Make a good call
There’s been a large cardboard box lurking in the entrance foyer of our offices since Monday 4 December. We’ve been encouraging everyone to make a good call and donate their old phones to for a good cause.
Old mobile phones are made with precious metals, copper and plastics, all of which can be recycled to make new products. Working mobile phones can be refurbished and reused.
On average, consumers use mobile phones for two years before replacing them. But what happens to all those old phones once we’ve upgraded to the latest model? Currently it’s estimated that only 7% of them are properly disposed of. In 2012, the total stock of unused phones in Europe was estimated to be 1.6 billion. That number is projected to double to 3.2 billion by 2020.
Every Christmas, Hitradio Ö3, Austria’s biggest radio station publicises a charity event called the Ö3-Wundertüte (miracle bag) to raise money for families in need. By collecting old mobile phones and recycling and converting them into cash, Ö3 and the Austrian Postal Service, Caritas, Licht ins Dunkel (Light into the dark – an annual charity telethon), and Mondi, a paper and packaging supplier, have raised some 6.5 million euros since 2005. The event is called the Ö3-Wundertüte because of the distinct red collection bags used to collect the phones. Around 450,000 old phones are collected every year.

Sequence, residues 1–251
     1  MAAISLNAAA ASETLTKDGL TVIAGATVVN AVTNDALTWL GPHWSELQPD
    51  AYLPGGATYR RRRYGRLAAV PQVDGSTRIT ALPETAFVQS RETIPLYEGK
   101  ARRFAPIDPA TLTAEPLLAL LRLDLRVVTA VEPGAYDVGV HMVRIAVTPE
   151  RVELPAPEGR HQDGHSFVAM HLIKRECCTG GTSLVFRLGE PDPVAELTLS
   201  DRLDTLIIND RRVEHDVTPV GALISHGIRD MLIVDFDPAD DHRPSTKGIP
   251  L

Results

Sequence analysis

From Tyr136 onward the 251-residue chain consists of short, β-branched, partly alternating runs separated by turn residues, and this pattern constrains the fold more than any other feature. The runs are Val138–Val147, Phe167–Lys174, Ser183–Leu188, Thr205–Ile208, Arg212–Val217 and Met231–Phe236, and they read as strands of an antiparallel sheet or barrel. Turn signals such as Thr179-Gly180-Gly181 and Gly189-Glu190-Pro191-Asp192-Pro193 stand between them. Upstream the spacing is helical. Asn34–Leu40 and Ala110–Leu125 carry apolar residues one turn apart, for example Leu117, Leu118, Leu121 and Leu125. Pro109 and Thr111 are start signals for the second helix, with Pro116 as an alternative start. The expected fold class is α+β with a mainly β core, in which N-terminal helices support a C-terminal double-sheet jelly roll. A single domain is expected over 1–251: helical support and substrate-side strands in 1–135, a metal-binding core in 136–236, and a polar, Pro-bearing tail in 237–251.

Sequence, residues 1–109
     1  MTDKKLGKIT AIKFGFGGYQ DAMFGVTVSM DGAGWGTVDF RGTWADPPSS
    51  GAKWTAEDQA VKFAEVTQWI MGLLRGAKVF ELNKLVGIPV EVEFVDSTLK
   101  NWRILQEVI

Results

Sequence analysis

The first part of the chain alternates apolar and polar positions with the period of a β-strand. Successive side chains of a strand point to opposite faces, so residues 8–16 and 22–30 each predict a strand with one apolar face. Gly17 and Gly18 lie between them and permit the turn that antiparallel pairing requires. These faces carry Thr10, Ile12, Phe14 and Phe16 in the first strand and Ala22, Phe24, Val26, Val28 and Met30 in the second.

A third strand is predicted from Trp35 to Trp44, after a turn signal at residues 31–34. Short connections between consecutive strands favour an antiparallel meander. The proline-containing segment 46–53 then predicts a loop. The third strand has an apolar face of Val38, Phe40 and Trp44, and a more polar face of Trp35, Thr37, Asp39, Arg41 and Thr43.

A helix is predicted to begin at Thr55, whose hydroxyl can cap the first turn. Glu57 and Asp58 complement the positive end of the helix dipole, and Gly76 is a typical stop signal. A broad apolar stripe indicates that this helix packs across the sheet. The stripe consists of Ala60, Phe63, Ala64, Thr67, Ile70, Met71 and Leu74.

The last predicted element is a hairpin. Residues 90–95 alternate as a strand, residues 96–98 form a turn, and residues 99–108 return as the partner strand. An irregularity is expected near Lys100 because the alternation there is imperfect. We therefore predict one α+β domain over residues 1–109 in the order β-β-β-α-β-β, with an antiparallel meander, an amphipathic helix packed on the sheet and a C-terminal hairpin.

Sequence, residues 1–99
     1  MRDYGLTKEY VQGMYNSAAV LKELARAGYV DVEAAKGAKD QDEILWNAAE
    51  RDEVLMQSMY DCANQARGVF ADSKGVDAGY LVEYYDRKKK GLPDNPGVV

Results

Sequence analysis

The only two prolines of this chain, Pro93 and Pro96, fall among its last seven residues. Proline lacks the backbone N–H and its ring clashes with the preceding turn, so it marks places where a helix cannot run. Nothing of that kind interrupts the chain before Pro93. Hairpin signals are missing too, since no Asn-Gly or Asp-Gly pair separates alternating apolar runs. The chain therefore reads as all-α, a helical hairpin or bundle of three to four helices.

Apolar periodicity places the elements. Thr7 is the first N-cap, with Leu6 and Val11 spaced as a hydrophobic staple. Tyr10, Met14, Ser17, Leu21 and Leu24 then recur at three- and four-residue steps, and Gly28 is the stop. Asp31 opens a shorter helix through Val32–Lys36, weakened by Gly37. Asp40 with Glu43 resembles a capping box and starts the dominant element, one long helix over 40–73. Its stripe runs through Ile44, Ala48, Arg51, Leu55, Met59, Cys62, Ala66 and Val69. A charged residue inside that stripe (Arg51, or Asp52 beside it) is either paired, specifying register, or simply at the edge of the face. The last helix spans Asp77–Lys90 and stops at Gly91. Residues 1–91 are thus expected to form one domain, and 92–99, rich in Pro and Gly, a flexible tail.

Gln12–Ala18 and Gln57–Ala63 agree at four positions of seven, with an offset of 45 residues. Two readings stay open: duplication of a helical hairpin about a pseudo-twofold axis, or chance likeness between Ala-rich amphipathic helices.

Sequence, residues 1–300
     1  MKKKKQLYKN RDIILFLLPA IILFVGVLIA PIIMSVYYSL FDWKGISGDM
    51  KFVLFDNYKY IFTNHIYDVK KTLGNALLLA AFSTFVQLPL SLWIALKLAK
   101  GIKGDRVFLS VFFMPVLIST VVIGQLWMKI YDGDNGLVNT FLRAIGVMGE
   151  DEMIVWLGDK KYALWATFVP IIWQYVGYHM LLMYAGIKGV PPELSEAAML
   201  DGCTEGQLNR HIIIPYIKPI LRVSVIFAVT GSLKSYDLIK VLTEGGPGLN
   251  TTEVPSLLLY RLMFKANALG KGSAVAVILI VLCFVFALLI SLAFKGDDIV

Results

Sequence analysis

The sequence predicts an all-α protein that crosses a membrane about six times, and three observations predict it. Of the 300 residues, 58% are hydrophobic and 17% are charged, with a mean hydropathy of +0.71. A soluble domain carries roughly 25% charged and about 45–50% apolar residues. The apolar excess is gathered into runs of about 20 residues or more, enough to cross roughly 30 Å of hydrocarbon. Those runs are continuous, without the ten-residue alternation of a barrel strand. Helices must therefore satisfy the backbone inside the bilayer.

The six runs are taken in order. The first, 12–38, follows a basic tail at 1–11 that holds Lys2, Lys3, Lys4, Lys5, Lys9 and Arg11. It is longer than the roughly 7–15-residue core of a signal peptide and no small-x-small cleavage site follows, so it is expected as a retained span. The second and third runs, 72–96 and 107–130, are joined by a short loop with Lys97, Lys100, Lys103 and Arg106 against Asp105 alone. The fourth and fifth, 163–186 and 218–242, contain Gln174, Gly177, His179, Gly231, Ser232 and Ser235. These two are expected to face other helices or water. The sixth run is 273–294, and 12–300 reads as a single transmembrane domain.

Caritas collects and recycles the phones and herewith creates new jobs and chances for people with limited access opportunities and employs about twelve people.
The Ö3-Wundertüte is Europe’s largest mobile phone collection project.
Each mobile phone gets converted on average into a donation of 1 euro 50 cents for families in need. The money goes to thousands of families with children in difficult social situations who are finding it hard to make ends meet. This might take the form of emergency social loans to pay the rent or heating, financial assistance in the event of a death in the family, food vouchers or paying for disabled home help. Although these are mainly emergency measures, the project aims to support families in stabilising their situation, to recover and develop a long-term perspective. As well as individuals, a large number of companies take part in the scheme by organising central collection points, so we decided to take part, too.